Optimization in this regard stems from putting as many devices as possible in direct line-of-sight of your 5G access points. That might sound easier said than done, but the general idea is to let 4G cover lower traffic areas with more obstructions. You can focus 5G coverage on open areas with more devices. The hybridized approach still allows 4G systems to offload bottleneck generating traffic onto the more capable 5G hardware. It will shore up coverage gaps with lower frequency signals that are harder to obstruct. This approach will allow you to minimize 5G radio investments without compromising the network’s available capacity and capability.

Consider Power Distribution Later

At the heart of 5G network design is the need for more radios. 5G is designed to cover less area with each radio. While any given 5G hub can handle large volumes of data and devices, covering the same amount of area will require many more antennas and radios per square kilometers when compared to 4G.

This has obvious consequences for the cost of deployment. The performance increases often justify having more networking devices, but some cost analysis will be necessary in that regard. An additional challenge arises when trying to provide power to every 5G antenna.

The best practice to design around this challenge is to consider power later in the process. The other best practices above can help to paint a clear picture of how many devices are needed and where they should be positioned for the desired coverage. Once that backbone of network design is determined, power delivery is the next step. If powering devices according to the original plan is not feasible for any reason, you can redesign around your power needs while having a map that shows how these adjustments will affect your total networking capacity and coverage. The gist is that it is easier to adjust the network around power limitations than to design around power first and then adjust for coverage.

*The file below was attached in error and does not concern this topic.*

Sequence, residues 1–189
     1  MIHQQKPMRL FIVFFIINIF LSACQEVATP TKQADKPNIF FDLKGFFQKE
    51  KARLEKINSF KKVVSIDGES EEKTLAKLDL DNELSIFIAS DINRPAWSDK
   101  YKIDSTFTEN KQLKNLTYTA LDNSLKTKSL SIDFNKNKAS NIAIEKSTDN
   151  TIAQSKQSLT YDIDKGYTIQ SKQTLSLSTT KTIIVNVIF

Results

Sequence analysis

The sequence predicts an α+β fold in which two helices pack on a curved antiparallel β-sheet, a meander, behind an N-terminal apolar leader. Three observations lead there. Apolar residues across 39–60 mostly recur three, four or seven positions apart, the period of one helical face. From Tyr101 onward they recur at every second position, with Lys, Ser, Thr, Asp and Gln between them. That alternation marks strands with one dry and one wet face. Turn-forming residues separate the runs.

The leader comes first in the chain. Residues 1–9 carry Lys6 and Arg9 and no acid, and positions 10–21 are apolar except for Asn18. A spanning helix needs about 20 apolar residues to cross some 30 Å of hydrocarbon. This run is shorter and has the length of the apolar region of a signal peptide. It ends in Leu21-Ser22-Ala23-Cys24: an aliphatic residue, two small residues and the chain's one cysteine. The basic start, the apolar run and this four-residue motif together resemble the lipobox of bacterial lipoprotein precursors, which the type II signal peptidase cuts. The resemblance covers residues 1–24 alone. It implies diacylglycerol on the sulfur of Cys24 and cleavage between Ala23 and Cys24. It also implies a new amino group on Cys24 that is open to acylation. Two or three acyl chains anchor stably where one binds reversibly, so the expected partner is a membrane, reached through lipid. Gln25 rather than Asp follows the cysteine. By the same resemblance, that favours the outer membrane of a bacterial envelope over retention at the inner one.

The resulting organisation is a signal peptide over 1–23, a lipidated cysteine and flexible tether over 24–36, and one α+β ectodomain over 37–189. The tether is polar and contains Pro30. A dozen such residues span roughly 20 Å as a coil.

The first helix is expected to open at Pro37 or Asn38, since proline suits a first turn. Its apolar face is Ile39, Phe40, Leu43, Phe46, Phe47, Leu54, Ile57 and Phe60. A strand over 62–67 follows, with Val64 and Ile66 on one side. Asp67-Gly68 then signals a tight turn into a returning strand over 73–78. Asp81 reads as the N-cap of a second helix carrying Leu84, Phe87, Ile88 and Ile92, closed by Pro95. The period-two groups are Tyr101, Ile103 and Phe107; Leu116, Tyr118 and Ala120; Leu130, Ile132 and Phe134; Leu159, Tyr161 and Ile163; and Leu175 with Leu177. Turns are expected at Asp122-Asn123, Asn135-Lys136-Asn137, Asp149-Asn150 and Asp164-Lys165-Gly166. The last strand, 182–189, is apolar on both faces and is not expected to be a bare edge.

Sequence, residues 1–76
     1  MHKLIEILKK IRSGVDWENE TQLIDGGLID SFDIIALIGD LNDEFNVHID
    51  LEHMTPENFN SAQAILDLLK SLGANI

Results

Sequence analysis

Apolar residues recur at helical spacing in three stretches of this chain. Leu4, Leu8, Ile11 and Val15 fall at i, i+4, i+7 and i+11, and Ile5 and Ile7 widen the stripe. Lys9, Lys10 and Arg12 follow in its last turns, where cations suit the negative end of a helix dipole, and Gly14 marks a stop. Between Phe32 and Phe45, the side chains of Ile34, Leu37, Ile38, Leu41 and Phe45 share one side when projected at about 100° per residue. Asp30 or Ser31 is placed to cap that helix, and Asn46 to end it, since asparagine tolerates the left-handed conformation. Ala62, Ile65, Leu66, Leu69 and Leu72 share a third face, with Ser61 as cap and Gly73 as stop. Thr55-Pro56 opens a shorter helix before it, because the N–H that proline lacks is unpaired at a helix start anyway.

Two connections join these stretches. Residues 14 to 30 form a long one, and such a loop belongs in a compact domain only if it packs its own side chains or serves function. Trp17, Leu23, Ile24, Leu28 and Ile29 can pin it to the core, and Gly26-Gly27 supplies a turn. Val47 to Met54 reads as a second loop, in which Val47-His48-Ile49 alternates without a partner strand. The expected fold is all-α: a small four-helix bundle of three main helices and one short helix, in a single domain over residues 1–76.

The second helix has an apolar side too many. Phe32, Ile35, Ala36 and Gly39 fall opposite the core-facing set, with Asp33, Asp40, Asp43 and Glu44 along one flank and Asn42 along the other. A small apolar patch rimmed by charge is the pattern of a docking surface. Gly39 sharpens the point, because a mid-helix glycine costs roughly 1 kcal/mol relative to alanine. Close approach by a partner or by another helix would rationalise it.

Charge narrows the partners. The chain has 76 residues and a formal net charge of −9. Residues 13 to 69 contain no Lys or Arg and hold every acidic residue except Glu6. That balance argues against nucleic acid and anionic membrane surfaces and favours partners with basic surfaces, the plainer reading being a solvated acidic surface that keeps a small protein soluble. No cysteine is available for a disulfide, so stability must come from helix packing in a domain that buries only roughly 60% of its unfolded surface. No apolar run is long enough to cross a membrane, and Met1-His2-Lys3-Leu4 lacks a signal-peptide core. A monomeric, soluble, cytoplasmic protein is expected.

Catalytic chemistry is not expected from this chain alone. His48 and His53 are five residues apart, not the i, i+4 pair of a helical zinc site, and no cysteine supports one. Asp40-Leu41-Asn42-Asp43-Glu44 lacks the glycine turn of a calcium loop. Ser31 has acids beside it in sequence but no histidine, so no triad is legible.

Hybridize the Network

Ultimately, 5G is designed to work in tandem with existing networking technology. It’s not entirely backward compatible with all systems. Still, the best practices listed above assume that 4G and 5G will be interlaced together to optimize the network as a whole. It doesn’t have to stop there. WiFi, LAN, fiber, and other modes of connectivity can also be integrated into a 5G network to expand options and improve the overall efficiency.

For example, 5G hubs blocked by an obstruction could be bridged with a single fiber cable. WiFi can supplement 5G coverage in the same way as 4G radios. Modern devices are built around compatibility that can utilize all of these signal modes. The best networks will emerge when you make the most of every option.

Be Ready for 5G

Upgrading networks to utilize 5G capabilities will take time and effort, and the learning curve will be steep. Best practices can help you think about ways the new technology will lead to better and better networks. Ensure your systems and devices are ready by beginning to shop for supplies like 5G antennas. Westward Sales is made up of experienced IT professionals that are here to help you make this transition. Reach out to us today.

Written by

Kelvin Aist is Founder and Sales Manager at Westward Sales. He has designed and sold networking and communication solutions his entire career. He frequently blogs for Westward Sales.